Constant calls from a debt collection agency can pressure you into entering a payment agreement you can't afford. The agent's primary goal is to collect the money you owe to the creditor. He is not concerned about your other bills, expenses or inability to pay. When you can no longer pay the debt, your options are limited. You can try to cancel the agreement, however debt collectors are often unforgiving. If you simply stop paying, there can be costly consequences.
When You Are Obligated to Pay
Without a legally binding agreement, you are not obligated to pay the debt collection agency. Even a verbal agreement is considered binding if your response is recorded. When there is a written contract, you are required to fulfill the agreement in most cases. However, some circumstances grant you the right to stop paying. For example, if the debt exceeds your state's statute of limitations, the debt collector is no longer able to seek repayment, regardless of the agreement made. The statute of limitations for written contracts can be as short as four years in California or as long as15 years in Kentucky. Your state's attorney general's office can provide specific information regarding the statute of limitations for your particular debt. Sometimes debt collectors may change the terms of repayment and demand more, refusing to accept any less. In this case, the collection agency is breaking the agreement. You can file a complaint with the Federal Trade Commission and your state attorney general's office.
Debt collection agencies often charge a termination fee if you fail to complete the payment agreement. You can be held liable for the original debt plus any interest, late fees and the termination penalty. Refer to the contract for specific details about your agreement. Keep records of all payments you made prior to canceling the agreement to ensure the account is credited properly.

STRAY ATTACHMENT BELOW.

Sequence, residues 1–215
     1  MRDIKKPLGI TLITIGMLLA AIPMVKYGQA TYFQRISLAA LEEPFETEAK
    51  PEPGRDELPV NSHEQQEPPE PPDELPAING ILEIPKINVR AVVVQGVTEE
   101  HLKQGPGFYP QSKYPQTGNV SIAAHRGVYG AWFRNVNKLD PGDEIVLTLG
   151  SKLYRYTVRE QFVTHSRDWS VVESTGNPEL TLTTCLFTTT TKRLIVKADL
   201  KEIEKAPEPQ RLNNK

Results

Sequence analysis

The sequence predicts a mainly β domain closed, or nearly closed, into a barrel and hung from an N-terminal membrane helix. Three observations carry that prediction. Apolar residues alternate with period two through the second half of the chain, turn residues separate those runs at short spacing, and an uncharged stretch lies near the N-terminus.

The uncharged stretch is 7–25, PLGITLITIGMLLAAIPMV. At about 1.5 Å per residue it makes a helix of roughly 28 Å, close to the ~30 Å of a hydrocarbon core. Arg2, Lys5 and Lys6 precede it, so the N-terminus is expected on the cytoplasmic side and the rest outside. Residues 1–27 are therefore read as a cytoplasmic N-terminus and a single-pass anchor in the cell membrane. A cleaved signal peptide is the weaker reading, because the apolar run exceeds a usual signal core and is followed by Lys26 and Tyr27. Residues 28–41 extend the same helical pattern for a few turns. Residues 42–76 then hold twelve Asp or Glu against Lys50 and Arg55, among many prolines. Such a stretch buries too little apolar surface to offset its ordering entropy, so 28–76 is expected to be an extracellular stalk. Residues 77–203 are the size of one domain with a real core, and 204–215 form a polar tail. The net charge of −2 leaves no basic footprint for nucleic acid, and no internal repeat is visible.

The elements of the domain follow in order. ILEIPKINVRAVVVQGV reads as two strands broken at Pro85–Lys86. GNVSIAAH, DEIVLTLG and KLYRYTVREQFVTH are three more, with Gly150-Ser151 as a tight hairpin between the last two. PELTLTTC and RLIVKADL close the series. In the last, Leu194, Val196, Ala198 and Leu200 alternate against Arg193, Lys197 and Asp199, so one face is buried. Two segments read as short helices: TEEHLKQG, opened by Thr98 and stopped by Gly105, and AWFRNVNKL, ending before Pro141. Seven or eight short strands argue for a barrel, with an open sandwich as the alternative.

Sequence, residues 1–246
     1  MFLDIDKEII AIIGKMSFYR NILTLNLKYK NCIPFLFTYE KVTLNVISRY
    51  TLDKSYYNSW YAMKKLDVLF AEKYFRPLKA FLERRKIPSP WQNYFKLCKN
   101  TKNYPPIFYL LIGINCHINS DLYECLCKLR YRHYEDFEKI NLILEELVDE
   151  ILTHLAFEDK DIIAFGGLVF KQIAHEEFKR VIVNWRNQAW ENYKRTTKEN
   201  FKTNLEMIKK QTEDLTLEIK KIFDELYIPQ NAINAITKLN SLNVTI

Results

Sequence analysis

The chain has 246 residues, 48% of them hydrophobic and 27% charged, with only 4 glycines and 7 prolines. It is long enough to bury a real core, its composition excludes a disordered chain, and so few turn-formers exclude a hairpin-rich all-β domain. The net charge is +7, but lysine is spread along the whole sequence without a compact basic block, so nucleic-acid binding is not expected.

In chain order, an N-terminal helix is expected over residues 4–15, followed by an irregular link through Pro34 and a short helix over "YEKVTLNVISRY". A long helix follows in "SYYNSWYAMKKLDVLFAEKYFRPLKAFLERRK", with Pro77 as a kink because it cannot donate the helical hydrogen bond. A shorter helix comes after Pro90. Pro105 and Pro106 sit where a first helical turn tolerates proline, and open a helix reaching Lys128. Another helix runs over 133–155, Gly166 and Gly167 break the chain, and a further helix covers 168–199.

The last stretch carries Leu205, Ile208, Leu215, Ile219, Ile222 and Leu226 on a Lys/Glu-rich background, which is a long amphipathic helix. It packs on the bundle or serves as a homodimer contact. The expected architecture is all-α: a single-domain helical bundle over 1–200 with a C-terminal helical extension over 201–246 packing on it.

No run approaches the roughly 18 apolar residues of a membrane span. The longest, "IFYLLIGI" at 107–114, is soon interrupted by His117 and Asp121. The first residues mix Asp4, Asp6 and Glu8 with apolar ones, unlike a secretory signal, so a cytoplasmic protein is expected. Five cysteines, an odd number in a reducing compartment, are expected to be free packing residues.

Enforcing the Agreement
A debt collection agency is a third party. Typically, the original creditor will be responsible for filing a lawsuit against you to satisfy the debt. When you break the agreement, the debt collector becomes the first party. To enforce the agreement you broke, the collection agency must file a lawsuit against you. If the agency wins, the court grants a judgment ordering you to pay. Once a judgment is obtained, the debt collector can legally garnish your wages, freeze banks accounts and place liens on your property.
If you can't afford to pay the debt, bankruptcy may be an option. When you file bankruptcy, an automatic stay is issued requiring creditors to cease all collection activity. Chapter 7 bankruptcy wipes the slate clean. The court can order you to sell your assets to pay off the debt. With Chapter 13 bankruptcy, your debt is restructured. You'll be required to repay the debt, but generally under better terms. In some cases, unsecured debt is even discharged. Bankruptcy should be considered a last resort, since it will significantly impact your credit score for up to 10 years.
- Federal Trade Commission: Debt Collection FAQs: A Guide for Consumers
- Credit Card Chaser: Can a Collection Agency Sue You?
- Debtors Unite: I Changed My Mind on Debt Settlement - How Can I Cancel?
- FTC: Understanding Your Rights When it Comes to Old Debt
- Nolo: Chart - Statutes of Limitations in All 50 States
- How to Handle Charge-Off Accounts
- What Legal Action Can Be Taken If You Owe on Credit Cards?
- Can I Be Sued for a Closed Written-Off Account?
- "When a Credit Card Debt Goes to Court, How Much Is It Usually Settled for?"
- Can Creditors Collect on a Canceled Consumer Debt?
- How Long After a Judgment Can Assets Be Seized?
- Settling a Judgment for Less Than Owed
- Nebraska Statutes on Credit Card Debt